Equality Project, Recent Corporate Campaigns, at
visited Apr. 9, 2002).
Equality Project, What is
Shareholder Activism, at
http://www.equalityproject.org/what.htm (last visited
Apr. 13, 2002).
Equality Project, How
Shareholder Proposals Work, at
http://www.equalityproject.org/how.htm#if1 (last visited
Apr. 13, 2002).
Pertman, supra note 119, at E1.
Peter LaBarbera, "Homosexual
Correctness" Advances in America's Schools, Briefing on
Capitol Hill (July 2, 1996), available at
http://frc.org:80/podium/pd96g0hs.html (last visited
Mar. 3, 1999) (on file with the author).
Queer Resources Directory,
Read This Before Coming Out to Your Parents, at
(last visited Apr. 13, 2002).
PFLAG, Read This Before
Coming Out to Your Parents, at
visited Apr. 13, 2002) (emphasis added).
Eugene Narrett, Educrats
Selling Ancient Snake Oil,
Insight on News,
May 13, 1995, at 28-29. See also NARTH,
"Making Schools Safe" Means "Refashioning Values" in
http://www.narth.com/docs/makingsafe.html (last visited
Apr. 13, 2002).
The name itself is supposed to
be persuasive, drawing on the mythical 10% homosexual
figures discussed earlier.
Project 10, Addressing
Lesbian and Gay Issues in Our Schools, at
http://www.project10.org/Flyer.html (last visited Apr.
Project 10 Background, at
supra note NOTEREF _Ref6249666 \h \*
MERGEFORMAT 12, at 15.
Project 10, Teacher's
Self-Evaluation of Non-Biased Behavior, at
http://www.project10.org/Selfeval.html. Note again the
positioning of the opposing view via non-defensible
accusation/label: unconscious bias.
Project 10, Teacher's
Self-Evaluation of Non-Biased Behavior, at
Just the Facts,
supra note 103 (emphasis added).
Id. at 5 (emphasis
In addition school officials are
cautioned they "should be deeply concerned about the
validity and bias of [such] materials." Id. at 9.
Id. at 7 (emphasis
Maura Lerner, St. Cloud
State's Department Statement on Gays Causes Backlash,
(Minneapolis-St. Paul), June 1, 1993, at 1A.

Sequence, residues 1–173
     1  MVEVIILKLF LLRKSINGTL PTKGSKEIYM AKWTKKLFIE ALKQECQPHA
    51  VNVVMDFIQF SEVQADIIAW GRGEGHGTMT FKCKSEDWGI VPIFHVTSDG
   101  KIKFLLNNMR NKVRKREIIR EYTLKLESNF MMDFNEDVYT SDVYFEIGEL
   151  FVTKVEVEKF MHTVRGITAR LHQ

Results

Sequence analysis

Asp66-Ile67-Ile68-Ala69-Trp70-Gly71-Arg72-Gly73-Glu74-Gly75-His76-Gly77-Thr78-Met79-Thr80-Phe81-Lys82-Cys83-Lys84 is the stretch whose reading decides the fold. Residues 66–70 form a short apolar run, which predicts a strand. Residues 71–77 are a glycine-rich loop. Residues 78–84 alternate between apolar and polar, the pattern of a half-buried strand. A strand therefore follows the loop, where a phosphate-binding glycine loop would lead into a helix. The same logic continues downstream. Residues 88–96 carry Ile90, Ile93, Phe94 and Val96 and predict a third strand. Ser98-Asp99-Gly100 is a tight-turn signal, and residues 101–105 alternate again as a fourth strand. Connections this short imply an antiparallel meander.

Id. The policy was
criticized for "telling Catholic students they either
have to reject a part of their church's teachings or get
out of the program." Id. The statement said "[i]t
is simply not acceptable for social workers to view
homosexual people as perverse or as sinners" and "[i]t
is not OK in this case to 'love the sinner and hate the
Id. (representing the
homosexuals’ agenda targeting of the "priesthood" of the
mental health profession).
Steven Waldman et al., The
Battle of the Gay Ban,
Apr. 5, 1993, at 42-43.
Society for the Psychological
Study of Lesbian, Gay, and Bisexual Issues, Joint Task
Force on Professional Practice Guidelines, at
Id. (noting Feb. 26, 2000
approval by the American Psychological Association).
Hawkins, supra note 9 (emphasis added).
Tori DeAngelis, New Date on
Lesbian, Gay and Bisexual Mental Health,
Psychol., Feb. 2002, at 46.
Tori DeAngelis, A New
Generation of Issues for LGBT Clients,
Psychol., Feb. 2002, at 43 (emphasis added).
Understanding the Unprotected Sexual Behaviors of Gay,
Lesbian, and Bisexual Youths: An Empirical Test of the
May 1999, at 272-80.
Ron Taffel, The Wall of
Silence: Reinventing Therapy to Reach the New Teens,
Networker, May/June 2001, at 55.
Seth C. Kalichman et al.,
Risk for HIV Infection Among Bisexual Men Seeking
HIV-Prevention Services and Risks Posed to Their Female
Health Psychol. July 1998, at 320.
Gay Domestic Violence Finally
Measured, Family Research Report (Family Research
Institute) Dec. 2001, at 1, 2.
Becky Ebenkamp, Dancing
'round the Gay Poll,
June 11, 2001, at 23.
Sarah Schulman, Gay
Progressive, July 1995, at 28.
supra note 90, at xii.
Schulman, supra note 233, at 28.
supra note 1, at 809.
Aronson, supra note 4, at 84.
Amusing Ourselves to Death 107 (1985)
supra note 7, at 192.
supra note 1, at 749.
supra note 90, at 100. Frank Browning has lived in, reported on, and
written about homosexual culture extensively.